The investigation of this study focused primarily on the benefits of physical activity on individuals with high anxiety sensitivity, which is essentially a fear of harmful outcomes. The team notes that physical activity provides a slew of psychological benefits, such as a reduction in risk for psychological disorders, a reduction of overall anxiety and depression, and a reduction in symptoms of things like panic disorder, post-traumatic stress disorder, obsessive-compulsive disorder, and generalized anxiety disorder. This, to the point that exercise frequency significantly predicted anxiety sensitivity and depression scores. These benefits are assumed across various activities, including running, brisk walking, playing a sport, or any substantial activity that is conducted to increase fitness.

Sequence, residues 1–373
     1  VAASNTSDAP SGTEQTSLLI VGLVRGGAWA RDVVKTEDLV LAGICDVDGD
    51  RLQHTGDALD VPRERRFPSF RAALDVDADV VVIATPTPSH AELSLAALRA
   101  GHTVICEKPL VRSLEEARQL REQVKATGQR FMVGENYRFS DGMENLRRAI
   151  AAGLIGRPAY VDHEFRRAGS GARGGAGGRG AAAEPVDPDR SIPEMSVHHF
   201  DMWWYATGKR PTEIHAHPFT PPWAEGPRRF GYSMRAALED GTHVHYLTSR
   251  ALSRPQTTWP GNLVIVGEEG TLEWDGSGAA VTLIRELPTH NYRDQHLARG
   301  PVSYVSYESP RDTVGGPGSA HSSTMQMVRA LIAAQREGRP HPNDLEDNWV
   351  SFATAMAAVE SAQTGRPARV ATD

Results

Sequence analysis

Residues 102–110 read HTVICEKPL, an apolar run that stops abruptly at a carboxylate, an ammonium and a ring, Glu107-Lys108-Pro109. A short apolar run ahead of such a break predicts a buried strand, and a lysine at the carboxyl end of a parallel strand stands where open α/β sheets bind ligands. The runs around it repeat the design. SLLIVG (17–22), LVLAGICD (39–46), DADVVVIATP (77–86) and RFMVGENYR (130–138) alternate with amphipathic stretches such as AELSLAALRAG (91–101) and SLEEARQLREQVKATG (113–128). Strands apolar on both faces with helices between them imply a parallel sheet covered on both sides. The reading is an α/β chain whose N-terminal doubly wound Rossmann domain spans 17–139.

Study #2: Feifei Wang, & Boros, S. (2019). The relationship between physical activity, stress, life satisfaction and sleep quality.
This study focuses on the difference in stress, life satisfaction, and sleep quality between physically active and non-active people. A significant finding is that with an increase in age, the relationship between physical activity and sleep quality becomes more substantial, and the correlation between the two becomes tighter. The finding is important to note, especially regarding the importance and association of sleep and overall immune function. The researchers conclude that those with a sedentary lifestyle are more easily stressed and that stress is significantly associated with poor sleep quality. This ultimately translates into a weaker immune system.
Study #3: Goncharenko, O., Belikova, M., & Vdovenko, L. (2020). Changes in cellular immunity indicators in men who did not engage in exercising before the start of the study, and among basketball athletes of the level of higher sports achievements under the influence of systematic exercises in power fitness.